Sultry Teenage Super Foxes

This page may contain one or more affiliate links, which means that if you purchase a product through that link, I may receive compensation. The links will be identified with the text "affiliate link". Click to learn more.

Some people like to ridicule Sultry Teenage Super Foxes for its incredibly obvious sexual theme, but we all know those people bought the comic for the same reason: because we wanted to see some Sultry Teenage Super Foxes! I was able to get the first issue. I came across it while researching short-lived publisher Solson. Some blame the lack of subtlety on Gary Brodsky, president of Solson, but as far as I can tell, he really had nothing to do with this comic. It clearly states that this comic was created by Rich Buckler, and even lists his name as the publisher.

The plot of Sultry Teenage Super Foxes is that four teenage girls are hanging around an air force base for the summer. You can tell this comic was published in the 1980’s because one girl is sporting the Pat Benatar look, and another has the Flashdance shirt-on-one-shoulder look. There is a really weird panel where the girls are looking at a nerd and one imagines the person with a number 2 pencil in place of his head. I have no idea what this means or implies. Anyway, the girls find a “matter transmutation device”  that can literally change dog crap to gold, and use it to transform themselves into having super powers. Meanwhile, some woman elsewhere had become possessed by an evil spirit while astral projecting, and…. well, you see where this is going.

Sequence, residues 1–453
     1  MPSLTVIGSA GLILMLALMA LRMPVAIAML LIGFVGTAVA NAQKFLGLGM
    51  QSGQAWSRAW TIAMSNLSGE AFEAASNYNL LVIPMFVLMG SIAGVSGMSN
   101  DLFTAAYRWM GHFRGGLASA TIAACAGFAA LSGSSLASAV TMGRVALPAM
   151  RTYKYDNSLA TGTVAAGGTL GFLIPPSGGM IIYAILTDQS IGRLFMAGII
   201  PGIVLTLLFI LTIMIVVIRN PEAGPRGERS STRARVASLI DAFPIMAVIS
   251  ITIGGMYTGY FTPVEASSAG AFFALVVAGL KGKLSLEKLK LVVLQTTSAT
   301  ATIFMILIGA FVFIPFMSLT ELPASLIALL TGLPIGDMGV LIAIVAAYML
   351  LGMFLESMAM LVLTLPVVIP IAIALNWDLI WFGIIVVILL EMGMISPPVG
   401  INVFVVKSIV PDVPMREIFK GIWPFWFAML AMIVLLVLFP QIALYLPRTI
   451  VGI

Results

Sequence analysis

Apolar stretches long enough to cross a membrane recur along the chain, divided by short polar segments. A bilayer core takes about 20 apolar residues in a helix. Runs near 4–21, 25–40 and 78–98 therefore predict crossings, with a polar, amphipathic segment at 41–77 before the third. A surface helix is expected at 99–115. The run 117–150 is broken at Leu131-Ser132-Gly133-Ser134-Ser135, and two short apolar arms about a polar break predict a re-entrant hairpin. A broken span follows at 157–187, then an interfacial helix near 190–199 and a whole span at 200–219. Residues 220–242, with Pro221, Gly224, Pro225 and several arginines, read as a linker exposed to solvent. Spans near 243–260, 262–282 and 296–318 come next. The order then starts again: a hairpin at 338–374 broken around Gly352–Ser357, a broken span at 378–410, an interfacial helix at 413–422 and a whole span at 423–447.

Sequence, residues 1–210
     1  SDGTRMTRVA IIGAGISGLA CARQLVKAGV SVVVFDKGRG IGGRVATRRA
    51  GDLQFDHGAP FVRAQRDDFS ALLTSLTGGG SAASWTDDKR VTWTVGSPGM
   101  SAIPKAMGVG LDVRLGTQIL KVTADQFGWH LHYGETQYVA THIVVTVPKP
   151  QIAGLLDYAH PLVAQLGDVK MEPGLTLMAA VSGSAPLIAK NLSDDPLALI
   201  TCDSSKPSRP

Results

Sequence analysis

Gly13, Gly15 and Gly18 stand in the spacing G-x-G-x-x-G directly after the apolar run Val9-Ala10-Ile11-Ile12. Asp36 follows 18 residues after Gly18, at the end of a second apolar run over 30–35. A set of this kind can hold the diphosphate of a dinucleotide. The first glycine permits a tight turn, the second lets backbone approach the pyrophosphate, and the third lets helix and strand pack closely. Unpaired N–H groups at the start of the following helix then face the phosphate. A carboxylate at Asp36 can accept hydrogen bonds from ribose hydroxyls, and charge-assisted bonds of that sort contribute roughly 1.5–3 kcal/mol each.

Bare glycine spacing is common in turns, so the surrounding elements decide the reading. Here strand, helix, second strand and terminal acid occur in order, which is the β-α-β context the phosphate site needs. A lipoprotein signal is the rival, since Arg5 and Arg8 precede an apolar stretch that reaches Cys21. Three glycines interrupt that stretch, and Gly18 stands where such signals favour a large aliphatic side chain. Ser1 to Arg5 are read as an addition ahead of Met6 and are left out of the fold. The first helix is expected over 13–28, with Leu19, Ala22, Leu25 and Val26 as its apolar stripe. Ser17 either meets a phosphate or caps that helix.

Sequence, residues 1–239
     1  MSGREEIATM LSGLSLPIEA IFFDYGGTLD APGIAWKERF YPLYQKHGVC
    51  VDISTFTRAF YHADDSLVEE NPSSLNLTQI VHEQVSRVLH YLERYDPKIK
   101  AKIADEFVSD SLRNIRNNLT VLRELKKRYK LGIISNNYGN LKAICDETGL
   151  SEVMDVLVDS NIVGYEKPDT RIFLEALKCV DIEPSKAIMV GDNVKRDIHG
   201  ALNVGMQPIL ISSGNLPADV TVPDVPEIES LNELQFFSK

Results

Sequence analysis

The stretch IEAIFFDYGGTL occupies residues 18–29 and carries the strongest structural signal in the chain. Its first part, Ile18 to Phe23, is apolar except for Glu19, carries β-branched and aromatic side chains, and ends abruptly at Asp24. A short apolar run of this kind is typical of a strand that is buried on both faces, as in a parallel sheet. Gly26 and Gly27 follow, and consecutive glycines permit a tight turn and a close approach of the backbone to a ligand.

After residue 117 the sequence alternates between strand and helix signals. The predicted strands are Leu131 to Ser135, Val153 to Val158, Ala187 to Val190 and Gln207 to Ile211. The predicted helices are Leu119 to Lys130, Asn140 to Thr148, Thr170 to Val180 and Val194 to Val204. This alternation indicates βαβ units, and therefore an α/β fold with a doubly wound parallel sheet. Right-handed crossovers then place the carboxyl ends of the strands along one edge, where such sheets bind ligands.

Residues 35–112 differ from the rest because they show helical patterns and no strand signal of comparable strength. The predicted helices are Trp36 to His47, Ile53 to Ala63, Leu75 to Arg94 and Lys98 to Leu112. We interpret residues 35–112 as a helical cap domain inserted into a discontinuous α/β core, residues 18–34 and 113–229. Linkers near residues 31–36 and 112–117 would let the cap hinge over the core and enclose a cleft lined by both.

This comic is in black and white, reminiscent of others such as Strangers in Paradise, and the drawings are usually decent. The appeal of black and white comic book stories lies in their ability to convey powerful narratives through a visually striking medium. Stripped of color, these tales rely on the intricate interplay of light and shadow, as well as the skillful use of line work and texture, to bring their stories and characters to life. Furthermore, the monochromatic style adds a layer of depth and sophistication to the storytelling, inviting readers to interpret the nuances of each panel in their own unique way. By embracing the simplicity and artistic purity of black and white illustrations, these comic book stories manage to captivate audiences and stand the test of time.